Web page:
Building Legacies that Last Estate Planning and Elder Law

Does Your Estate Plan Have All the Right Stuff?

“Many people think estate planning means deciding what happens to your things when you die. For that reason, many young families do not consider estate planning to be a priority. However, it may be one of the most important things young parents can do!”

A last will and testament is the document which parents need, to legally nominate guardians to rear their children if orphaned. It clearly delineates who should take care of the children and who should manage the money available to care for the children, as noted in The Daily Sentinel’s article titled What is missing from your estate plan?”

While some people name one person to rear the children and handle the money, it’s a good idea to separate the two roles.

Without these instructions in a will, those left behind can have very different ideas about where the children should live and who should care for them. If the two parent’s families have very strong opinions, suddenly both families have hard choices to make about what will happen to the children.

No parent wants to leave a legacy of court battles and family division.  However, that’s what is likely to happen without a will.

There are other issues that estate plans address while you are alive.  It is also necessary to plan for incapacity. A living will, also known as an “advance directive,” is important because it helps pre-answer questions, regarding what treatment and care you would want if unable to speak for yourself. Do you want to be kept alive by artificial means? You do not want your loved ones making this decision during a time of great emotional stress, so this is an important document to have in your estate plan.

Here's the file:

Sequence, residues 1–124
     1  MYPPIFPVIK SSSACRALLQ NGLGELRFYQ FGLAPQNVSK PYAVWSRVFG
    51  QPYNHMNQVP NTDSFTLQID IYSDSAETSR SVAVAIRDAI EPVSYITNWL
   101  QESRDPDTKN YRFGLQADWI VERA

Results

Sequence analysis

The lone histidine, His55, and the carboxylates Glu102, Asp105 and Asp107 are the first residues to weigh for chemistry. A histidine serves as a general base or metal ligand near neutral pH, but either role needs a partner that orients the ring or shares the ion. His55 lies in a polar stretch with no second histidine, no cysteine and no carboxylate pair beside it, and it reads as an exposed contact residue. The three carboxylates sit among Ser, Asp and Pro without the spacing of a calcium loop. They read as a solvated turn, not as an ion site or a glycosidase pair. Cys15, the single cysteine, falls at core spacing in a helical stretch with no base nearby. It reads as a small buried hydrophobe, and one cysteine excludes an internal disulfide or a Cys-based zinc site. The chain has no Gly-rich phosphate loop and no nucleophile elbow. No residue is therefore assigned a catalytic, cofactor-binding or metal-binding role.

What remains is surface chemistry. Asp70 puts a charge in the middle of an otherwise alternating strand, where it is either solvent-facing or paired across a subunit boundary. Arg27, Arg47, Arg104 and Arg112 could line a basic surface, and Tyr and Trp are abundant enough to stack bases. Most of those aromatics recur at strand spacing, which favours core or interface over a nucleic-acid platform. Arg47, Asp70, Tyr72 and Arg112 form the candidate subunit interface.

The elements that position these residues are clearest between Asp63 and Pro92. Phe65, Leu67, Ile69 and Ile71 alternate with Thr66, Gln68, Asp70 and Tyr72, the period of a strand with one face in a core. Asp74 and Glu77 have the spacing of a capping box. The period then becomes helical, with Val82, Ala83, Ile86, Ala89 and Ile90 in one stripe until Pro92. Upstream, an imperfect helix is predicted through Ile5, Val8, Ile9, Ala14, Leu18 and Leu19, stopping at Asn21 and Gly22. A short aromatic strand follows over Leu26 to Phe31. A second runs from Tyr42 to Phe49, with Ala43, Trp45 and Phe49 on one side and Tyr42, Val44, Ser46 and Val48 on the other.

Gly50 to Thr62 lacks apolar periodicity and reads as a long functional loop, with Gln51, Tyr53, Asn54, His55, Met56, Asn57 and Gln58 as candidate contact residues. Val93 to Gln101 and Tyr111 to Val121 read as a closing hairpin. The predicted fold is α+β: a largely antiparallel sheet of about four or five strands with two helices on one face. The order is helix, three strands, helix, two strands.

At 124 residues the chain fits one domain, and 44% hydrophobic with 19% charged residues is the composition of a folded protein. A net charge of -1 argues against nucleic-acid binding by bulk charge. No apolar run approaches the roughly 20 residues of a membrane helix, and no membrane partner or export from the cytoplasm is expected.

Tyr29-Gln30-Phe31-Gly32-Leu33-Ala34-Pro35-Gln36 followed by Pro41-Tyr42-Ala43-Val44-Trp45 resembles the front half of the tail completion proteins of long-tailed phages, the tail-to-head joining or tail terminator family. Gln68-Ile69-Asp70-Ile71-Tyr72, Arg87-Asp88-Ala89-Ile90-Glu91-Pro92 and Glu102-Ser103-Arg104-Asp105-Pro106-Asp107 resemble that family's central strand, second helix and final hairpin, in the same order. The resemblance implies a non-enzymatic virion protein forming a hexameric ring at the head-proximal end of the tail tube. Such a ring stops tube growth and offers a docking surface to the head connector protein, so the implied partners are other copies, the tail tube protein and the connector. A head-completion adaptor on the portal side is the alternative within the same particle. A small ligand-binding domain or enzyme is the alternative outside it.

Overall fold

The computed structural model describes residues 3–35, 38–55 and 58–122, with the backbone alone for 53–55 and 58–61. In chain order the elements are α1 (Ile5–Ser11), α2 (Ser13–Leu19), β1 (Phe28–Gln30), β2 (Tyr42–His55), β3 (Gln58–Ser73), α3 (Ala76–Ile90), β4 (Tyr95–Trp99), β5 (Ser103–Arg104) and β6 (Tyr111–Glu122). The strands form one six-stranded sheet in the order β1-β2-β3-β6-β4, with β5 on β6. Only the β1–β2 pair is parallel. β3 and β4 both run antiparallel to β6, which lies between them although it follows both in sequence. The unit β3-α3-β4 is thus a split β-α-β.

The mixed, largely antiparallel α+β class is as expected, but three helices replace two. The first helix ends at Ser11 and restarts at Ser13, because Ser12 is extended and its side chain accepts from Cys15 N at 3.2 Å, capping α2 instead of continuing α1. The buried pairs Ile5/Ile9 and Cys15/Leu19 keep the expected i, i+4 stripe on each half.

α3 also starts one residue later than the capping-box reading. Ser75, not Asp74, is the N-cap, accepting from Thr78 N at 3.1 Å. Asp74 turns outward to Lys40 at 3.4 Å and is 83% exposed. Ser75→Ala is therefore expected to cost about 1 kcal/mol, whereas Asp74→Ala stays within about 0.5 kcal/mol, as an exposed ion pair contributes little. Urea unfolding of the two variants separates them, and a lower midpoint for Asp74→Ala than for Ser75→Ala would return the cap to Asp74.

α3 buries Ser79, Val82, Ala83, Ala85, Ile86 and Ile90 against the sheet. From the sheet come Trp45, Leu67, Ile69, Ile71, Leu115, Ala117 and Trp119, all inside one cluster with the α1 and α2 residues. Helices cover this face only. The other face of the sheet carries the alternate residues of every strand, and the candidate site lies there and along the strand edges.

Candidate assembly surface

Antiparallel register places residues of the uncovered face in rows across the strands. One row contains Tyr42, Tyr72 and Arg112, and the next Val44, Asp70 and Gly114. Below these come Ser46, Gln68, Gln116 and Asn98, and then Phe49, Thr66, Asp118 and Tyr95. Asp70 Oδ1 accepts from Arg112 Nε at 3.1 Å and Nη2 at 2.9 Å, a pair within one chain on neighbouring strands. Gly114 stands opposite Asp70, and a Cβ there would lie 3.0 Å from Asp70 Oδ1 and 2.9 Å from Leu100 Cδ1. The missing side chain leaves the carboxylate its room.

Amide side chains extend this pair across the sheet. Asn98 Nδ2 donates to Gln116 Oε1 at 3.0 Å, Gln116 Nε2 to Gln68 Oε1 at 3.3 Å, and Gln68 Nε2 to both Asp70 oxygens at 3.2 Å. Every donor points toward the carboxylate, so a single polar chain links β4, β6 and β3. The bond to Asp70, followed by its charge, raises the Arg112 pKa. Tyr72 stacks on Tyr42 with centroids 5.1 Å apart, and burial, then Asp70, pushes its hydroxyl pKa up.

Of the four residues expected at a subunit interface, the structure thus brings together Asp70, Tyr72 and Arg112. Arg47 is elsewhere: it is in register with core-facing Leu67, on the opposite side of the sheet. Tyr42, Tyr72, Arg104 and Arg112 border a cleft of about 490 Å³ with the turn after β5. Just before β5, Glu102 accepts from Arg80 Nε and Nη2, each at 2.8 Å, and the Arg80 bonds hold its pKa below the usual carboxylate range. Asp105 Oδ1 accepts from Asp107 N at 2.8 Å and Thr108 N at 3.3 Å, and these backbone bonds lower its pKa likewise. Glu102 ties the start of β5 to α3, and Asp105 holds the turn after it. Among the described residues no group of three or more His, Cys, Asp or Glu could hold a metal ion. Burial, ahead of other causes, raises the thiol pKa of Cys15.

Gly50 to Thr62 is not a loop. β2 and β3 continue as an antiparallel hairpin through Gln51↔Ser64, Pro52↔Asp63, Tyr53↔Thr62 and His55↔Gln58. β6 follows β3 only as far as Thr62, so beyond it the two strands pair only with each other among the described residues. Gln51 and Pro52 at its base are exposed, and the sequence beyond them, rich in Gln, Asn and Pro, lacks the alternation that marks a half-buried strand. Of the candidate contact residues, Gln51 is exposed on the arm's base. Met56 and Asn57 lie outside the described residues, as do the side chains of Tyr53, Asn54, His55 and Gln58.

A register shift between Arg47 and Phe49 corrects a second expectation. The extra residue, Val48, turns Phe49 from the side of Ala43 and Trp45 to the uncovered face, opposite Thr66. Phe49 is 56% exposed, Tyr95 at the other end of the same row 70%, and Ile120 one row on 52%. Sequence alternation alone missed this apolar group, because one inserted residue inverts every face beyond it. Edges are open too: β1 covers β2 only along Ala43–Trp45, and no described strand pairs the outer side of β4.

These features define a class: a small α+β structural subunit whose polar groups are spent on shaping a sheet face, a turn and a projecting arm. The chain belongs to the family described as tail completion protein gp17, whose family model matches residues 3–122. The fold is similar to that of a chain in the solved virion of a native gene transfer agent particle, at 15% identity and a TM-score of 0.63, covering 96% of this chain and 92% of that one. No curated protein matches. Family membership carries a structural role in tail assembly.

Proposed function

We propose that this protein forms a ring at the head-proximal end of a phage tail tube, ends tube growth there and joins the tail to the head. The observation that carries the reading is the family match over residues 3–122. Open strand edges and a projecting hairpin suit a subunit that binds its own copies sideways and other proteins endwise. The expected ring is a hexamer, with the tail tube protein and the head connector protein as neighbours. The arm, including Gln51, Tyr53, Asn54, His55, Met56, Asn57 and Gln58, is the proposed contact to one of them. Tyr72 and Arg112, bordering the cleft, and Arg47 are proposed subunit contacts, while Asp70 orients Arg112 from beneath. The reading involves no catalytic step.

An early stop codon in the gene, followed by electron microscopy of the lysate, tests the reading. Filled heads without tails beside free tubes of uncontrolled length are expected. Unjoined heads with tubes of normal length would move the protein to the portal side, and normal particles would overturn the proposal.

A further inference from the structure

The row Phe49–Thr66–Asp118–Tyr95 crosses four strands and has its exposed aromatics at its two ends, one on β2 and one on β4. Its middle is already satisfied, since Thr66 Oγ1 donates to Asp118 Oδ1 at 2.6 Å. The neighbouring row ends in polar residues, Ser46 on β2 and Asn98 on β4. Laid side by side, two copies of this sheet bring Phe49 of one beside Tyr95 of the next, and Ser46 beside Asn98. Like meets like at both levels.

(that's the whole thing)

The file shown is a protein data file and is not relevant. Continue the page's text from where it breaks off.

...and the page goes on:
Finally, your estate plan should include a medical durable power of attorney to deal with all other medical decisions other than end of life. Without it, if you are not near death but not able to share your opinions about your care, your family and your medical providers are placed in a difficult position. In contrast, those who care enough about their family designate an agent and ensure that their wishes are made legally binding.

The big question everyone must face is “When should I start working on my estate plan?” If the answer is “Later,” then the real answer is “No time soon.” For young parents, that puts your minor children in a bad position, where a court may make the decision about who will rear them and how their lives will go on after you are gone.

Don’t make your family have to go through more than they would have to anyway. Speak with an estate planning attorney to create your estate plan, including these very important documents.

Resource: The Daily Sentinel (Aug. 12, 2018) What is missing from your estate plan?”

 

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